Pianist Moissaye Boguslawski (popularly known as 'Bogie') calculated in 1927 that "in the four minutes it took him to play Rubenstein's 'Staccato Etude' he exerted force of 14,700 pounds." Apparently he then used this bit of esoterica to impress the ladies.

The wikipedia entry on Boguslawski notes, "Boguslawski was known for skillfully attracting media attention. A 1936 piece in TIME magazine said of him, 'When straight news about himself is scarce, 'Bogie' is likely to come forth with such a project as his proposal to promote world peace through voice culture, since animosity arises when unpleasant tones are heard.'"

Muncie Evening Press - Aug 11, 1927



Ithaca Journal - Nov 23, 1926

Posted By: Alex - Wed Nov 27, 2019 - Comments (1)
Category: Music, 1920s

Dog-Collar Engagement Rings

An unusual fad, as reported by the San Francisco Examiner, June 19, 1927:

Only the other day there came from Denver the startling news that the young women of this western city were wearing dog collars for engagement rings in lieu of the conventional band of gold, silver or diamond-set platinum. To further emphasize the departure from tradition, the girls wore this romantic token around their legs, as shown in the photograph of Miss Fay Rowe, of Denver, on this page. Thus the engagement ring-dog-collar became a garter as well as a symbol of betrothal, combining utility with romance...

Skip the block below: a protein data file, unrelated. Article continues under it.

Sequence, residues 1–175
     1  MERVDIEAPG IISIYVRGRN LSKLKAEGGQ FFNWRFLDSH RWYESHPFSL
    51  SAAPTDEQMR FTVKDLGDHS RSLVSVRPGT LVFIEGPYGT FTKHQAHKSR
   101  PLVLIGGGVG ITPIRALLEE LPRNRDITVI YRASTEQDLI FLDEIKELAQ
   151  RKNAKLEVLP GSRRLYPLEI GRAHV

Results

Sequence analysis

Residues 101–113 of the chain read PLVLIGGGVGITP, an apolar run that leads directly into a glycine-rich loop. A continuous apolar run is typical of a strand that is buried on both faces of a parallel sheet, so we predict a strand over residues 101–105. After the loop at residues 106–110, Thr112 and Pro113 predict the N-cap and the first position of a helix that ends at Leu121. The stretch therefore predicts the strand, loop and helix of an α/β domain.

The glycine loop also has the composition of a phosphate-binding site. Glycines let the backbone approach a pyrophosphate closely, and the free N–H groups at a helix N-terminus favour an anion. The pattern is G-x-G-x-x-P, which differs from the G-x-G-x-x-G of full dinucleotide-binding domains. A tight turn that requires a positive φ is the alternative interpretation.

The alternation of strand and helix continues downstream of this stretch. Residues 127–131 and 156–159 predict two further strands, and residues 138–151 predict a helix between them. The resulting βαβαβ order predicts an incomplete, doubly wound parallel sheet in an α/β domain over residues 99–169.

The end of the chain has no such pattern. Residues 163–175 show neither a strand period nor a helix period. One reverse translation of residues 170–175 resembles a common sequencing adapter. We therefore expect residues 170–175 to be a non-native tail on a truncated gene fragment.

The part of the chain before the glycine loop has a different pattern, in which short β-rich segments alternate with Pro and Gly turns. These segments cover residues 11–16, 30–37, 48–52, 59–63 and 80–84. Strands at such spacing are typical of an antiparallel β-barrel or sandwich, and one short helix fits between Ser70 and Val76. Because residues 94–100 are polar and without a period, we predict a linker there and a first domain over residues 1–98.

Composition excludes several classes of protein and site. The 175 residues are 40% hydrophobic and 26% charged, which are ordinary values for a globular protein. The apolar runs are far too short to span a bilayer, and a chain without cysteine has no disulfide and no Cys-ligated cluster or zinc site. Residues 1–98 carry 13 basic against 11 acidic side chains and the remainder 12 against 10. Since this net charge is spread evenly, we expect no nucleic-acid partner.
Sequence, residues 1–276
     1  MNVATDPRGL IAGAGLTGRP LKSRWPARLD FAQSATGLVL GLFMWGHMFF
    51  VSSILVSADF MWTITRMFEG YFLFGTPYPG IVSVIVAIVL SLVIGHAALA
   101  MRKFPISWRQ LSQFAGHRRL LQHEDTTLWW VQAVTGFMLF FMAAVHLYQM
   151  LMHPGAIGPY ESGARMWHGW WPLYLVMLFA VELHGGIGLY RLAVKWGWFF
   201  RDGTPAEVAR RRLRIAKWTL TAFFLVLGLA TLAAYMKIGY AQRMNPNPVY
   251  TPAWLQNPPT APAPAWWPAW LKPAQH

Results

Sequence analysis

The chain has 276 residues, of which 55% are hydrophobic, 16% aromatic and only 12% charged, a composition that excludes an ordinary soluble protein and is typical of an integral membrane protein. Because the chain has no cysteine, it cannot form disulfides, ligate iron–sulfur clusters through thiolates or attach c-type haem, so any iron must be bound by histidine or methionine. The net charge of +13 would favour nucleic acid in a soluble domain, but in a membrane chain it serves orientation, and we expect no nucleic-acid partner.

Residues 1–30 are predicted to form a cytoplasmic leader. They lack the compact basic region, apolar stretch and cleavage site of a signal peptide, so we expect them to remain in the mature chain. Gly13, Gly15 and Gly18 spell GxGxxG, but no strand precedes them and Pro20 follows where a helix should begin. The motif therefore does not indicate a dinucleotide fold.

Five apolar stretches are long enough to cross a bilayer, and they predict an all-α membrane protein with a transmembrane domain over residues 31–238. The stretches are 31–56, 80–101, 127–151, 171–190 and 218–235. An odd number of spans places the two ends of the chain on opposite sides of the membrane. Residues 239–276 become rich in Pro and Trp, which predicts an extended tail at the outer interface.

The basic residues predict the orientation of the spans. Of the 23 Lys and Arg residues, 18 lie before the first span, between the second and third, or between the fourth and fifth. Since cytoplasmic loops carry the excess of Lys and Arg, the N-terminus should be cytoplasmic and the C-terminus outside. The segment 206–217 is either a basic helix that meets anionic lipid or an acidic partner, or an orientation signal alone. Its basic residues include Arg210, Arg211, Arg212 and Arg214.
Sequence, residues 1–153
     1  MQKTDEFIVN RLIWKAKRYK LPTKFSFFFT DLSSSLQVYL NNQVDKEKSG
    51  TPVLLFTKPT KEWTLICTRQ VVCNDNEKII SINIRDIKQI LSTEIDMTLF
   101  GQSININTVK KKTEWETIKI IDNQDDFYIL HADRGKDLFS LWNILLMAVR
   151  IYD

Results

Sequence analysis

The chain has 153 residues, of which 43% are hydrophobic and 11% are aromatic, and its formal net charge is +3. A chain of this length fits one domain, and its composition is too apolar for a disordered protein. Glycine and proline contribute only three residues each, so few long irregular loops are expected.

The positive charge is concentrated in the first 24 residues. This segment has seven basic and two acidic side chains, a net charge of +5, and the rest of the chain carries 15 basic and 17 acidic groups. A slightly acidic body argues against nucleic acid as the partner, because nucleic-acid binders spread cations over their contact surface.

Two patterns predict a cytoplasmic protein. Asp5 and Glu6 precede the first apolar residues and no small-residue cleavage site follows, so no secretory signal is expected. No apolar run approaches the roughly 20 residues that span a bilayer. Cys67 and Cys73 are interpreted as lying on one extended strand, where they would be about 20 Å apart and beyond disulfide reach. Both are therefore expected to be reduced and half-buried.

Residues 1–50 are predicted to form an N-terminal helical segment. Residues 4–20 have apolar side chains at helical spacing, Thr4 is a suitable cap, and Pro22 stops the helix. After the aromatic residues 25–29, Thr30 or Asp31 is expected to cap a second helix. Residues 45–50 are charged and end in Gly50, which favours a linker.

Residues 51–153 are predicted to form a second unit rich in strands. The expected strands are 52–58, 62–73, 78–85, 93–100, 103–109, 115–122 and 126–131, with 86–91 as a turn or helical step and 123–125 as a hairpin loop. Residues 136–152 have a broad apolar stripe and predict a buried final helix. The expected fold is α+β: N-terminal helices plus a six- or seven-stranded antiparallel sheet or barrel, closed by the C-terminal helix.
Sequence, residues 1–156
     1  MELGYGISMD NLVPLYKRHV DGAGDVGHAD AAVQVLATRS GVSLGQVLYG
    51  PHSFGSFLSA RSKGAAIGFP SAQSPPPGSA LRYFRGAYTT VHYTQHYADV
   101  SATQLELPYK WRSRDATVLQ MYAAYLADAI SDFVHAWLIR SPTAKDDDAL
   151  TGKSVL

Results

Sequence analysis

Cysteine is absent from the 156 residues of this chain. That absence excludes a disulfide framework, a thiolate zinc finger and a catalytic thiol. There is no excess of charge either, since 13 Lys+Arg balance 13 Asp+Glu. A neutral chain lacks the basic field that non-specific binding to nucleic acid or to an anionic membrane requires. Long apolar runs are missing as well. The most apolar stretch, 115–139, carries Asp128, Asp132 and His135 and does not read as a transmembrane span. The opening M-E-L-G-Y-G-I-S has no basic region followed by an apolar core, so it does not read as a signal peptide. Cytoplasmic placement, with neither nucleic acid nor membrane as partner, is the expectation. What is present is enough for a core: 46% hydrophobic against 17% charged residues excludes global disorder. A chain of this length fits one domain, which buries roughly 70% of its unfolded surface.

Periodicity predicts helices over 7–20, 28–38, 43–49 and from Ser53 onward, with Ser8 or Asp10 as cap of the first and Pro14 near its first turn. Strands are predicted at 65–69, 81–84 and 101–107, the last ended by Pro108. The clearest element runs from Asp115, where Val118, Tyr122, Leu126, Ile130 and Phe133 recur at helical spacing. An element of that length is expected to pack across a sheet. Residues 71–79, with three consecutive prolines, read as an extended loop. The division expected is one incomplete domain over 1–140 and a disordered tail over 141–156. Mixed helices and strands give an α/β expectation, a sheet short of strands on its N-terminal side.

The custom was started by a young woman in one of the college sororities and it spread rapidly. It was generally believed to be something entirely new in the way of betrothal tokens, but had the young woman been a careful student in her history class she would have known that the fad she started was an old one long before the Christian era was born. Jeweled anklets have been discovered in the cinerary urns of the ancient Greeks, with inscriptions which indicate they were tokens of engagement. Bracelets were also common in all ages as tokens of betrothal...

The principal objection to the dog-collar engagement token around the leg seems to be, "What's the use of wearing an engagement ring without anybody seeing it?" To which the answer is, "Nowadays a ring worn about the leg can easily be seen with the skirts of women growing shorter and shorter."

I can think of a few more objections a bride-to-be might have, other than that the dog collar wouldn't be visible.

Posted By: Alex - Tue Nov 26, 2019 - Comments (6)
Category: 1920s, Weddings, Love & Romance

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Alex is the creator and curator of the Museum of Hoaxes. He's also the author of various weird, non-fiction, science-themed books such as Elephants on Acid and Psychedelic Apes.

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Paul has been paid to put weird ideas into fictional form for over thirty years, in his career as a noted science fiction writer. He has recently begun blogging on many curious topics with three fellow writers at The Inferior 4+1.